Three years ago, the Schwartz-Britto family decided to take a hiatus from gifting.
Instead the Novato residents--dad James, mom Marucia, and daughters Juliana and Sofia, aged 22 and 17--donated to the Haiti relief effort and to a nonprofit working African girls school.
This holiday season they intensified their efforts, raising $5,000 for a school library in rural Vietnam through Room to Read, a nonprofit that builds and supplies school libraries in the developing world.
“We decided that we didn’t want to go through the motion of getting gifts,” said James, who owns a bodywork practice in San Rafael. “When you know the money you’re giving is going to a specific project, that gift can be transformational. I mean some of the kids have never seen a children’s book.”
Room to Read was started in 1991 by Microsoft exec John Wood after visiting a Nepalese school while on a trip to the country. Since then the group has built or stocked 16,000 school libraries in the developing world and distributed 13 million books. Faced with a shortage of children's books, it has also written more than 800 children's books, which have been translated into more than 20 languages.
An estimated 800 million people around the world are illiterate, according to the World Literacy Foundation, two-thirds of whom are girls. That’s because when faced with choosing which children to send to school, poor families often chose boys, thinking it’s a better investment. Girls who don’t continue their studies are much more likely to get married at a young age, have larger families and have lower incomes.
As a father of two daughters, Room to Read’s focus on girls’ literacy resonated with James Schwartz.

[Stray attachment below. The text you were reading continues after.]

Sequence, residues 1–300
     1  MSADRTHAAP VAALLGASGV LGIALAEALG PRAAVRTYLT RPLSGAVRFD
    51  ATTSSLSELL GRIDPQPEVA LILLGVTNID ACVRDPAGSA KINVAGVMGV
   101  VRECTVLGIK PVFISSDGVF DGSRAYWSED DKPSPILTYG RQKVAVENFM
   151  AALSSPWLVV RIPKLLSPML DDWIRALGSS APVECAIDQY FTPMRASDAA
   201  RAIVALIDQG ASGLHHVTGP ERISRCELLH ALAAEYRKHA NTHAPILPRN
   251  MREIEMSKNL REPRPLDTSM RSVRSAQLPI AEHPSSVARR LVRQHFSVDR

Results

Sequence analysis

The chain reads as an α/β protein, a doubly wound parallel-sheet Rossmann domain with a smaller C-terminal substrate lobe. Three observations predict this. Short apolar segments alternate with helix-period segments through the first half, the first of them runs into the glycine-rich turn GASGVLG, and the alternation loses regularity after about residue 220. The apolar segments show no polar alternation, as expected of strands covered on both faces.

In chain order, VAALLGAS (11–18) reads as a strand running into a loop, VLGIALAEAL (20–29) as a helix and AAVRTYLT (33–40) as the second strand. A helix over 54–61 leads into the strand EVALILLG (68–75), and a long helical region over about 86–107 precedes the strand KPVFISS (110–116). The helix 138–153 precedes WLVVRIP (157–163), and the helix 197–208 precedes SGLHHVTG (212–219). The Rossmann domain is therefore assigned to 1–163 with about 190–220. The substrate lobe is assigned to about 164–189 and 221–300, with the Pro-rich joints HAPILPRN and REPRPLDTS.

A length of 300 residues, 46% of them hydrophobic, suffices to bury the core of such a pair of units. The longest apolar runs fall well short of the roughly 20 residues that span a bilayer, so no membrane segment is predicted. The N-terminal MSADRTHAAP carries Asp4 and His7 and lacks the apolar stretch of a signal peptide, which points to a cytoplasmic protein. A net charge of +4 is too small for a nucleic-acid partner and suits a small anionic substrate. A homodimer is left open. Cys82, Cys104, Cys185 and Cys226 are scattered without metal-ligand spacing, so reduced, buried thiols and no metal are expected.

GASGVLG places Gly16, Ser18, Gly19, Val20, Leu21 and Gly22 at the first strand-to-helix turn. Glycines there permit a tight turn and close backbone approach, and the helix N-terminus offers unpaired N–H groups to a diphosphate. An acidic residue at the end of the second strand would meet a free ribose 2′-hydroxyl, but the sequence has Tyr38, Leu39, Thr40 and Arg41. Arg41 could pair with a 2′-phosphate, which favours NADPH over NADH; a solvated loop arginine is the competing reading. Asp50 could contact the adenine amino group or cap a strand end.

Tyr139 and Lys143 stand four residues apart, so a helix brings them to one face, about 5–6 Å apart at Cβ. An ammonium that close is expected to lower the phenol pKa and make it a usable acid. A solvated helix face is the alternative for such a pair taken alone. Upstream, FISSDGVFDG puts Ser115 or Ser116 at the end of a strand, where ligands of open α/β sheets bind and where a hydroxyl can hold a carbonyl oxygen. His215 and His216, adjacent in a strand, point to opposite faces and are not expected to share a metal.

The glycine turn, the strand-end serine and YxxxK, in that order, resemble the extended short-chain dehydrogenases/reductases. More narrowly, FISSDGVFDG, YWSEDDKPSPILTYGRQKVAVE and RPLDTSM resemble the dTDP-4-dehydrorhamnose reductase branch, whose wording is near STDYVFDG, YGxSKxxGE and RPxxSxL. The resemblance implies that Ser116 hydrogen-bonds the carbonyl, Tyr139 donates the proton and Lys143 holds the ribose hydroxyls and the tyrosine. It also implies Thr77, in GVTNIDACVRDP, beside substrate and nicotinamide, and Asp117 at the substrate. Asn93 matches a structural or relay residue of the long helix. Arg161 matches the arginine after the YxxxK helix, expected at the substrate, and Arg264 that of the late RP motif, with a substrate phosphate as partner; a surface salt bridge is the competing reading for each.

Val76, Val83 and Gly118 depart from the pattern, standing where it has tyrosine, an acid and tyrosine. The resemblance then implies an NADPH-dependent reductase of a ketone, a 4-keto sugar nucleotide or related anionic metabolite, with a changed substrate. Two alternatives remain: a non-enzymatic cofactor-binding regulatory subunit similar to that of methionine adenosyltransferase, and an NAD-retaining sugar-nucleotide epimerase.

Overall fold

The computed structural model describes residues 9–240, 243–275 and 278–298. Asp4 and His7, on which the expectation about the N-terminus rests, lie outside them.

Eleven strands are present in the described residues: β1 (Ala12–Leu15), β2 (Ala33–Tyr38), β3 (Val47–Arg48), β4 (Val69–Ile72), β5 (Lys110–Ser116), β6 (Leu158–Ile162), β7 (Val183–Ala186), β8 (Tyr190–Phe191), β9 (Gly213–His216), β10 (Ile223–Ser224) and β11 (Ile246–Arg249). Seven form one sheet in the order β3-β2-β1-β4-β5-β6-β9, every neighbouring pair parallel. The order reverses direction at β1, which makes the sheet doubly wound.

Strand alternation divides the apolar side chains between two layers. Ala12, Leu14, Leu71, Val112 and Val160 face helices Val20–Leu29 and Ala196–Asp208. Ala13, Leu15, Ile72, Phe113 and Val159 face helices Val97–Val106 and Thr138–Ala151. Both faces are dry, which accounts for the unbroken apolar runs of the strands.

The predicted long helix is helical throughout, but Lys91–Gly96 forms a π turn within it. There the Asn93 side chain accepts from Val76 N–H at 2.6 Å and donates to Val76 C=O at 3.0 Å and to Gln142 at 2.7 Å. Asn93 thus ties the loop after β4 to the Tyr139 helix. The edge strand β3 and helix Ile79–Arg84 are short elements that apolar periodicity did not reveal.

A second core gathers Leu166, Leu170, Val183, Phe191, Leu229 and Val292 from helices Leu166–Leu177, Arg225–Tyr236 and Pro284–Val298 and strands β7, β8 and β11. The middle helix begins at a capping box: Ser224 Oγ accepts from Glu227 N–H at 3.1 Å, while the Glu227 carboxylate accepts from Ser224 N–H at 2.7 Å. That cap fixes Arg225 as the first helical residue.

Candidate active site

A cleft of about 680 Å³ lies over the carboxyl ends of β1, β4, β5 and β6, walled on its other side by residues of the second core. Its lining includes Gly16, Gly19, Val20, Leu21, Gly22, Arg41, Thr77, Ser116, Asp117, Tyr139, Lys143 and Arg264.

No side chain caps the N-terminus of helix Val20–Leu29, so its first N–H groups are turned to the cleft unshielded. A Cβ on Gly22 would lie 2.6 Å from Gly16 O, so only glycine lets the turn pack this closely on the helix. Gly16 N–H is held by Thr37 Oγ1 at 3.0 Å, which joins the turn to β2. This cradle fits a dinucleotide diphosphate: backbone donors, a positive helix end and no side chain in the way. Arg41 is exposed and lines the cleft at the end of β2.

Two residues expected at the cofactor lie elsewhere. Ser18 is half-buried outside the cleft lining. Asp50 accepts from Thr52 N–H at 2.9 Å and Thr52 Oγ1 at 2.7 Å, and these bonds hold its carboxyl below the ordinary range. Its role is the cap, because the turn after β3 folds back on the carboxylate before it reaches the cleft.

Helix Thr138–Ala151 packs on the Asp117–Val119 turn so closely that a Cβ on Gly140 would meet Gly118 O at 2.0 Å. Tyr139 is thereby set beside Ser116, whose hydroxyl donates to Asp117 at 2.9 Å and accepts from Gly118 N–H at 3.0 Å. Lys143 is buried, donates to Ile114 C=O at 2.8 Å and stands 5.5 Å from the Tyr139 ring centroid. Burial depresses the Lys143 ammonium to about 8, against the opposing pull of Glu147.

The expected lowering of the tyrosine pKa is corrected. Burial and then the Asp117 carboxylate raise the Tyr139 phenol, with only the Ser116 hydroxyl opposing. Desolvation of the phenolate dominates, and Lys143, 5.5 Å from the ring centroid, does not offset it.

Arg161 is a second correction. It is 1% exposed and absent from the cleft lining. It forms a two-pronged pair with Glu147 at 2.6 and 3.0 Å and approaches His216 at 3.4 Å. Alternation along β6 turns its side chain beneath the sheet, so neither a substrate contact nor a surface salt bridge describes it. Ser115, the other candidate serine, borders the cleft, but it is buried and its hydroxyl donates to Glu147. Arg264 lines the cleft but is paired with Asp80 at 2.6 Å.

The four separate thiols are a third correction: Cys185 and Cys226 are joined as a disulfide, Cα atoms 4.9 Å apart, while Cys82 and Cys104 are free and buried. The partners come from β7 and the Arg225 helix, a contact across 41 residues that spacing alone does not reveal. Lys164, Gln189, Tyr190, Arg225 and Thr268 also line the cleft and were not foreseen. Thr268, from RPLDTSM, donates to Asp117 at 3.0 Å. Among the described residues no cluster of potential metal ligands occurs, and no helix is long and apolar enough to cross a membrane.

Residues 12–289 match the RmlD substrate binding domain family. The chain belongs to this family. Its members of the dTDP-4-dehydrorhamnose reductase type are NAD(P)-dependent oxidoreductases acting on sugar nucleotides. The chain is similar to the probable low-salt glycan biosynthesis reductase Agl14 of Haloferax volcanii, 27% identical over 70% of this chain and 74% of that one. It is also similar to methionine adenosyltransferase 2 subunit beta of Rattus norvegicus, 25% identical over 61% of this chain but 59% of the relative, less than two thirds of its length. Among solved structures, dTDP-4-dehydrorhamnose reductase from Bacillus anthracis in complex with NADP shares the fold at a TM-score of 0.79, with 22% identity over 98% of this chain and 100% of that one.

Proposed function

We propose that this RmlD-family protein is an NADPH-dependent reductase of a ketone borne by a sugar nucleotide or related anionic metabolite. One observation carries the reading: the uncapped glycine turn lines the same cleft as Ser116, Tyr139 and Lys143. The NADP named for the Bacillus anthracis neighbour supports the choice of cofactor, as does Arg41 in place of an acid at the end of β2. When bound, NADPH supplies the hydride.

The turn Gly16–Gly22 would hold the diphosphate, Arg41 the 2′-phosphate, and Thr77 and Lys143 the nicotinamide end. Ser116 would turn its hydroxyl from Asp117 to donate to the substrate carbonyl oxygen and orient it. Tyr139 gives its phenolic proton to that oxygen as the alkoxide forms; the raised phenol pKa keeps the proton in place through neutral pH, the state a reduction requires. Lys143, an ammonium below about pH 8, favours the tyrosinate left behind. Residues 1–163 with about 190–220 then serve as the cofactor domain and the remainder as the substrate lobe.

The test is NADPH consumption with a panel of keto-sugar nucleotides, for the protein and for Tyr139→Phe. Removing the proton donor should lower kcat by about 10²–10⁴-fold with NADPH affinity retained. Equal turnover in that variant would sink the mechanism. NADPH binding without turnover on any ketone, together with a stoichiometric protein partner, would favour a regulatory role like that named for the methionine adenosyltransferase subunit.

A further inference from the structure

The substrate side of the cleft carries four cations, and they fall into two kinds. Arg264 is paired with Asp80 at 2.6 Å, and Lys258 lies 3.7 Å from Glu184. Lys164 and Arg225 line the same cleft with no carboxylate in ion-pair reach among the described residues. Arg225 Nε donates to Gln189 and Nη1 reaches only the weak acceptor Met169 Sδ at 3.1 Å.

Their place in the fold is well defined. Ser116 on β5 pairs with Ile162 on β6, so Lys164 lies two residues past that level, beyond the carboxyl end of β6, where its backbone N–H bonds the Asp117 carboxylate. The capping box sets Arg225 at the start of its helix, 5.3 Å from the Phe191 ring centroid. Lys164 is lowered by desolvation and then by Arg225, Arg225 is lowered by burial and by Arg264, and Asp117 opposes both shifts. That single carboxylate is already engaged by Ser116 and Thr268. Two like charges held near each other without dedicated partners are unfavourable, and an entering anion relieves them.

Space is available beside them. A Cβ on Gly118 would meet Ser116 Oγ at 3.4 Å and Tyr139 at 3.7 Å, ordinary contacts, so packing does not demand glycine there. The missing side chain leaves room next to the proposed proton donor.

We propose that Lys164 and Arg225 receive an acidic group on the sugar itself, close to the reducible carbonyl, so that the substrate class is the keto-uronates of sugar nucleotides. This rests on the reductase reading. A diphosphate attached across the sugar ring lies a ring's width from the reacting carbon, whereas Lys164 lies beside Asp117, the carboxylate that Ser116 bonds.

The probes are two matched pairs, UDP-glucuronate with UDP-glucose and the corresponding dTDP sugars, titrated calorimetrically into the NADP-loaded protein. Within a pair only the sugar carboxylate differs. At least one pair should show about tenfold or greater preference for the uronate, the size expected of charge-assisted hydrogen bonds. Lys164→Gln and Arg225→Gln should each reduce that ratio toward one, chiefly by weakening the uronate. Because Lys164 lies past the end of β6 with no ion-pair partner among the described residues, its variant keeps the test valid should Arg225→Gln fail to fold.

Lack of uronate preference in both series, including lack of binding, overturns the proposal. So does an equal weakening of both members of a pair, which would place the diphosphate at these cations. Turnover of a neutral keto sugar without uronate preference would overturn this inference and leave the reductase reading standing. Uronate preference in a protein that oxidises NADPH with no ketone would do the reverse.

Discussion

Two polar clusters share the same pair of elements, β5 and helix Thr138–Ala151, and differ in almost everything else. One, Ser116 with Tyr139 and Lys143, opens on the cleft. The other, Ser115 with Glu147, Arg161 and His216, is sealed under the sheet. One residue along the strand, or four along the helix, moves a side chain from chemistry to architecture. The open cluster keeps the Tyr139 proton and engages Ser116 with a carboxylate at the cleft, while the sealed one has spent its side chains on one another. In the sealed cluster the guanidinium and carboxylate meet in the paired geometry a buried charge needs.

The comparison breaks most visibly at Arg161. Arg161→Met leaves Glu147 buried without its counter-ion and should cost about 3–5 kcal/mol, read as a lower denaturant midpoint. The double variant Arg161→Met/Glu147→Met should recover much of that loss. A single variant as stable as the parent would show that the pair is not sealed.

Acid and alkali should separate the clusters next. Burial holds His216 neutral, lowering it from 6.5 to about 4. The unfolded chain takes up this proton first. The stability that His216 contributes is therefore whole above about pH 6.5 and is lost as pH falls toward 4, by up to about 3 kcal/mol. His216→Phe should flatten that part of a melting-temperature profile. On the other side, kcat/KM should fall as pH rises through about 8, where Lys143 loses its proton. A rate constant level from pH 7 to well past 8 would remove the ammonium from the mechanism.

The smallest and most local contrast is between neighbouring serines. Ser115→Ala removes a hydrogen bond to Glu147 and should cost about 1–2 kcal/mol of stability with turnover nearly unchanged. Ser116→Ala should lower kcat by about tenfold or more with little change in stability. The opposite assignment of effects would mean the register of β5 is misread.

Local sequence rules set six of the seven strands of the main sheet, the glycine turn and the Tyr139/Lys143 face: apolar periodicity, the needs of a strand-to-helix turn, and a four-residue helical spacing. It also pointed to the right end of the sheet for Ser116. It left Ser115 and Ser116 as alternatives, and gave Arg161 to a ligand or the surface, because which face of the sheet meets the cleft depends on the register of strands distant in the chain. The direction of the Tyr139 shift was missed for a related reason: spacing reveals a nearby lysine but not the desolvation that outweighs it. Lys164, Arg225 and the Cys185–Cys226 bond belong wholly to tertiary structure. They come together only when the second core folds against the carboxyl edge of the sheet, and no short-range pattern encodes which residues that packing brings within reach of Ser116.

“If you get books into children's hands and get them excited about school, that has long-term consequences,” he said. “They’ll continue their education, go on to high school and then go back to their villages, become teachers and take on other projects. The point is to break that cycle of poverty.”
Studies have shown that supporting girls and women is an effective tool because they’re much more likely than men to use funds to support their children and invest in small businesses.
The Schwartzes are planning to visit the Vietnam school they’ve fundraised for next year. And they’re encouraging others to take on similar efforts, perhaps as part of a student project or simply as a way of liberating the holidays from the frenzy of consumerism.
Recently, the family sent out an appeal to friends and neighbors, inviting them to a meeting at their house.“The holiday season is the time of giving, but how much real impact do most gifts really make?” they wrote. “What if in this season of giving, our group of friends and family could give the gift of literacy—and a much brighter future—to an entire community of children? Together we can.”
Are you forgoing gifts this holiday season and giving to charity instead?